Jumping (known as ‘Showjumping in the United Kingdom) takes place in an arena, around a course of approximately 15 fences.
Rider and horse are considered a team and it takes years of structured training for the team to be able to perform at the highest level required across the combined skills required. These skills include the need for not only agility but also speed, precision, endurance and aptitude to name just a few if they are to clear the obstacles within the time allowed. In each of the three Equestrian events – Dressage, Jumping and Eventing – the aim is to create a harmonious partnership between horse and rider.
In Jumping, the rider’s horsemanship and the horse’s freedom, energy, skill and obedience are tested over a series of about 15 obstacles, including parallel rails, triple bars, water jumps and simulated stone walls within a specified time period. Their aim is to perform a ‘clear’ round, avoiding penalty points due to a fence knock-down, a refusal or passing of the designated time to complete the course.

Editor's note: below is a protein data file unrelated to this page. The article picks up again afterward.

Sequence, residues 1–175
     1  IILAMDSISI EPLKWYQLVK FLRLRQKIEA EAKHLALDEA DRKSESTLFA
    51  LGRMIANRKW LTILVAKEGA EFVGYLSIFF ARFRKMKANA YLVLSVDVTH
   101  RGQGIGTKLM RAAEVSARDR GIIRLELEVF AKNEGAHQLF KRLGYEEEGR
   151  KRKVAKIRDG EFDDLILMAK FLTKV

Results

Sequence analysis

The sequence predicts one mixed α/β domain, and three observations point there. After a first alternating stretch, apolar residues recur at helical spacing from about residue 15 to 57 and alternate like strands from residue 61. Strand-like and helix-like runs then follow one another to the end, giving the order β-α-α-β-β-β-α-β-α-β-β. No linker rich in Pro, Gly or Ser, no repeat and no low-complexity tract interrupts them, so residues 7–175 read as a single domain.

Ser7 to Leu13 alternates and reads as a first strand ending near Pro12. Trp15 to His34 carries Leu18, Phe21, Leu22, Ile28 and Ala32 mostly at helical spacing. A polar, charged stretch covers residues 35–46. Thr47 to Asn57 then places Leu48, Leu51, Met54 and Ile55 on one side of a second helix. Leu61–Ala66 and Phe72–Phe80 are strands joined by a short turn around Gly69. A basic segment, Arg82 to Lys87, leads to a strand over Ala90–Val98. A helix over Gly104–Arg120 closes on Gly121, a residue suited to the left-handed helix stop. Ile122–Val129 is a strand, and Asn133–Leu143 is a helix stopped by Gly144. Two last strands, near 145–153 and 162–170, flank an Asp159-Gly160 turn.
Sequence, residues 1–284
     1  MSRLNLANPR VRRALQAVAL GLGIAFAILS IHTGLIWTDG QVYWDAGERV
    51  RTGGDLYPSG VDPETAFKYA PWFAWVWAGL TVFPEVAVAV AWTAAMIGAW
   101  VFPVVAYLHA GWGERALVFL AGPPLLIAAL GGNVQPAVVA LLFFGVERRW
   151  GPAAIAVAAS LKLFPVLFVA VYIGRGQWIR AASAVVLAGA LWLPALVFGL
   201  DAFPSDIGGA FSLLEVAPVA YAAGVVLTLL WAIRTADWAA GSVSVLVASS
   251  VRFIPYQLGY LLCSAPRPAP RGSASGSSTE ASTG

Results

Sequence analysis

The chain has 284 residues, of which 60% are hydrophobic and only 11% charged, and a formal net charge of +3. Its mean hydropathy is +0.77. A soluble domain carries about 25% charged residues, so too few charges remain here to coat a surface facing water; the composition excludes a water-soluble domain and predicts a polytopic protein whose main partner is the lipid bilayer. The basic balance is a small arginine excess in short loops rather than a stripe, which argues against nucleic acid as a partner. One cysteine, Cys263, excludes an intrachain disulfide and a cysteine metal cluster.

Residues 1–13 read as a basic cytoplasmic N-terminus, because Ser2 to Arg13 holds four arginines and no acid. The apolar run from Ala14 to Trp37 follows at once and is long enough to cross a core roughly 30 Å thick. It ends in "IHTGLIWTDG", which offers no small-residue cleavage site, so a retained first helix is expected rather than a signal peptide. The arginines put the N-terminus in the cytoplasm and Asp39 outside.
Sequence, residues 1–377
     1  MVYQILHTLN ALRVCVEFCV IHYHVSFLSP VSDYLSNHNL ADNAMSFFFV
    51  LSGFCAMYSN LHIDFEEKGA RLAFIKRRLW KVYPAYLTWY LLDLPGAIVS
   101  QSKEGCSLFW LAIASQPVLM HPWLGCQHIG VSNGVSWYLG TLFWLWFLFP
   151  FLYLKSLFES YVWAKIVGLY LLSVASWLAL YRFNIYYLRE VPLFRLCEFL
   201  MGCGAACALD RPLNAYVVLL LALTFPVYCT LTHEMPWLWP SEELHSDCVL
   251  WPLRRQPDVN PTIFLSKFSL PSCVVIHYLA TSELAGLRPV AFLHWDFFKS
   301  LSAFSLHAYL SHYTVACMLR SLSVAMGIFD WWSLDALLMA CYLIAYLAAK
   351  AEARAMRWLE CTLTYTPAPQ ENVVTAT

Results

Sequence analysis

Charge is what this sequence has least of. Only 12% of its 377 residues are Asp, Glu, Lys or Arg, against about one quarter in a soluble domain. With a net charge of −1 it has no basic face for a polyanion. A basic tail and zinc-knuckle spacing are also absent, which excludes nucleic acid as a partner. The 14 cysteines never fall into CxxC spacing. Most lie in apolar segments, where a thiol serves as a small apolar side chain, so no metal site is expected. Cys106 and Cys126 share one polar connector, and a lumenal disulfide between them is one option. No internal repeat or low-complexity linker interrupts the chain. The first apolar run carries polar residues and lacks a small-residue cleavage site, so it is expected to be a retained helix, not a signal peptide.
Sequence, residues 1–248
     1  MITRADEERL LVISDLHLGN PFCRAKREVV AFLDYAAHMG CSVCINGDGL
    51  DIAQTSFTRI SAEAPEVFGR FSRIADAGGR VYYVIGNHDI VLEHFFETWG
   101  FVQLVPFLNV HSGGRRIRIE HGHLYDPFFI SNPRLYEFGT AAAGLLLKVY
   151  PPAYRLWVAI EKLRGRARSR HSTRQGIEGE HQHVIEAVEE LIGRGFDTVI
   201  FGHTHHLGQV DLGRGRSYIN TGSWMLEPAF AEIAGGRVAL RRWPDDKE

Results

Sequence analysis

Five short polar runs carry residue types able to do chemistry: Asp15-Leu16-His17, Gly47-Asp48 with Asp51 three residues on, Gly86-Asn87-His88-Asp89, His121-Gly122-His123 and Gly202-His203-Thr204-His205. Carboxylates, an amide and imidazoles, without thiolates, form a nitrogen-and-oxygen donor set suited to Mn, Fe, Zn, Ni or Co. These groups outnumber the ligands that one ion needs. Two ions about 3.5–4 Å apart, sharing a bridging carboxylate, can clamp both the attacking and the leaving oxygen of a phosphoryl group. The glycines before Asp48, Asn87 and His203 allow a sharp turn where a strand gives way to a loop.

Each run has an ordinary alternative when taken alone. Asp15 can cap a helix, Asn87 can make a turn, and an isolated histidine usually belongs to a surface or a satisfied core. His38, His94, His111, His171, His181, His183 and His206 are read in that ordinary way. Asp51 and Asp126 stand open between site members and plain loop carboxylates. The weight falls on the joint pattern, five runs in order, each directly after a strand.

Jumping courses are now highly technical, requiring boldness, scope, power, accuracy and control from both horse and rider. The fences are designed so that if the horse hits them as they jump them, part or all of the fence will knock down and the rider will be penalised with ‘faults’.
Faults are also awarded if the rider does not complete the course within a set time. The winner is the rider with the fewest faults; if there is a draw, the result is decided by jumping a shortened course as fast as possible without knocking fences down (“against the clock”).
The Team medal is decided over three rounds by four riders and the Individual medals over five rounds.